Most millennials are minimalists. They like to keep things simple. Thumbs down to their grandmother’s silver serving pieces or Lalique porcelain collection. Thumbs up to cash, jewelry and art. However, that approach can lead to problems, when it comes to estate planning. If they are newly married and under the current estate tax threshold, a simple will might be okay. However, once they have children, more estate planning strategies, including trusts, need to be considered.
Forbes’s recent article, “Why A Simple Will Won't Cut It If You Have Young Children,” explains that without a trust, minor children inherit assets outright when they turn 18. That may be a problem, if children are apt to blow through their inheritance in a few years, instead of using the money wisely.
An inheritance could last a lifetime, if the beneficiary lives within her means, doesn’t tap into the principal and works to help support her lifestyle and supplement her income. However, this isn’t always the case, and individuals with access to so much cash are often vulnerable to developing addictions.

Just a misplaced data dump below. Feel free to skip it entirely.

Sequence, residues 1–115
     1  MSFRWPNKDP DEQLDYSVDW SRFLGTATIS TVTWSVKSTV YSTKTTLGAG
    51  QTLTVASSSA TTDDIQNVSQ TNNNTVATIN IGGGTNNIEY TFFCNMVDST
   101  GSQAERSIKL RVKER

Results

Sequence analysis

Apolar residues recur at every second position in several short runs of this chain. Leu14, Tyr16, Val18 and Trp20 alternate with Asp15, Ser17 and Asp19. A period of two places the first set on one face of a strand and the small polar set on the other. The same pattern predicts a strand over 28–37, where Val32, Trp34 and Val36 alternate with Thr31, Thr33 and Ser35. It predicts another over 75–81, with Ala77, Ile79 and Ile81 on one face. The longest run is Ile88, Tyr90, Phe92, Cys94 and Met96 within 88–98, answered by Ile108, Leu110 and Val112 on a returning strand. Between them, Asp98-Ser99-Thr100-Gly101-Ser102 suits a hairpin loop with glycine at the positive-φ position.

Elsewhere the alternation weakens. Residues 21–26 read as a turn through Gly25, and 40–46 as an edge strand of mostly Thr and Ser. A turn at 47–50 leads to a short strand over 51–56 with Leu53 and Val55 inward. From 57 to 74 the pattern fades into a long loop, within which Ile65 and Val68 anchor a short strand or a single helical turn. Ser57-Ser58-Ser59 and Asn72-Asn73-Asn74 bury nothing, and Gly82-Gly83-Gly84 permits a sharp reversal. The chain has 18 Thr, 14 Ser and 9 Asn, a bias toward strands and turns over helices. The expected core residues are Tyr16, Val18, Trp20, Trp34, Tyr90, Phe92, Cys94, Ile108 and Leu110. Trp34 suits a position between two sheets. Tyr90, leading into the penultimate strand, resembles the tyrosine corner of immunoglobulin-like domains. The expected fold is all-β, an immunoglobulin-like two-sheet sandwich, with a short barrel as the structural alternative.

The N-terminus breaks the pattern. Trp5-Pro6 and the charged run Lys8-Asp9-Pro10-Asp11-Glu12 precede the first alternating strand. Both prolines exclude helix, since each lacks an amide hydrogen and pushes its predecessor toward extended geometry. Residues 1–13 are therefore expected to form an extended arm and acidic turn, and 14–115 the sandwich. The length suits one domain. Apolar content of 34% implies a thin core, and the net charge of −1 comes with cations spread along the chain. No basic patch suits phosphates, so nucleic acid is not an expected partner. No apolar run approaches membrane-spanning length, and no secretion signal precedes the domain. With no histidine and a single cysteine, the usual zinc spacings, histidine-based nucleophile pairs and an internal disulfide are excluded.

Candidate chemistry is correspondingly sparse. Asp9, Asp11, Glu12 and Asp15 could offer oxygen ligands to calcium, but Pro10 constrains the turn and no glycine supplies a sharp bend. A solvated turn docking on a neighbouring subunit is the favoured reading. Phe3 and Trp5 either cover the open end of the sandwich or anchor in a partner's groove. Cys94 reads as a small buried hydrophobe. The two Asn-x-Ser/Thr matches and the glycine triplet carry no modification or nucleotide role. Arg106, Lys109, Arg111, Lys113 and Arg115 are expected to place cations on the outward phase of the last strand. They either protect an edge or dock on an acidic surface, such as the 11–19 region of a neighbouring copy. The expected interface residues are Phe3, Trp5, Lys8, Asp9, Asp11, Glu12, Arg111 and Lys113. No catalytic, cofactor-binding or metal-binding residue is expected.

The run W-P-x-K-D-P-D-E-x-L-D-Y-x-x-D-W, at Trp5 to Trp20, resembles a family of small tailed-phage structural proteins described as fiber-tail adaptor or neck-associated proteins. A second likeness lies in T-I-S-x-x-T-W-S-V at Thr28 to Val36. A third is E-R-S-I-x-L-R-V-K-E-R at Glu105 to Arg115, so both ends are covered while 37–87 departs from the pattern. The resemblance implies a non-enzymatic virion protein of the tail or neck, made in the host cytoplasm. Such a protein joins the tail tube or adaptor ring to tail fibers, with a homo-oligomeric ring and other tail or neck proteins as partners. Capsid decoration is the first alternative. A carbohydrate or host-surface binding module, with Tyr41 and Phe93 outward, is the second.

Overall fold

A trustee can make certain that your children and young adults are cared for over the long-term. If you’re not alive to guide and direct your children, a trust can set the necessary limitations for their finances. The trustee can help with your children’s financial literacy, so they’ll possess tools, if and when they’re given additional responsibility for their inherited assets.
This isn’t just for minor children who are under 18 years old, but also for young adults. The fact that a child is “legal” in the eyes of the law, doesn’t mean she’s responsible enough to invest a million-dollar inheritance. A trust sets up an experienced advisor to manage inherited assets along the way.
One option, when they’re mature enough, is to set up the trust, so they will become a co-trustee. This lets them have a say with the trustee and to make decisions about the management of the trust assets. Your trust can also give them access to distributions of principal slowly over time, so they get used to managing large sums of money.
Simple solutions can work for some people, and there are definitely situations in which a simple will is appropriate. But if you have minor children, you don’t want to allow them to let them inherit money at 18.
Talk with an estate planning attorney about your family, your finances and how a trust can work to everyone’s benefit in the short and long term.
Reference: Forbes (July 12, 2019) “Why A Simple Will Won't Cut It If You Have Young Children”
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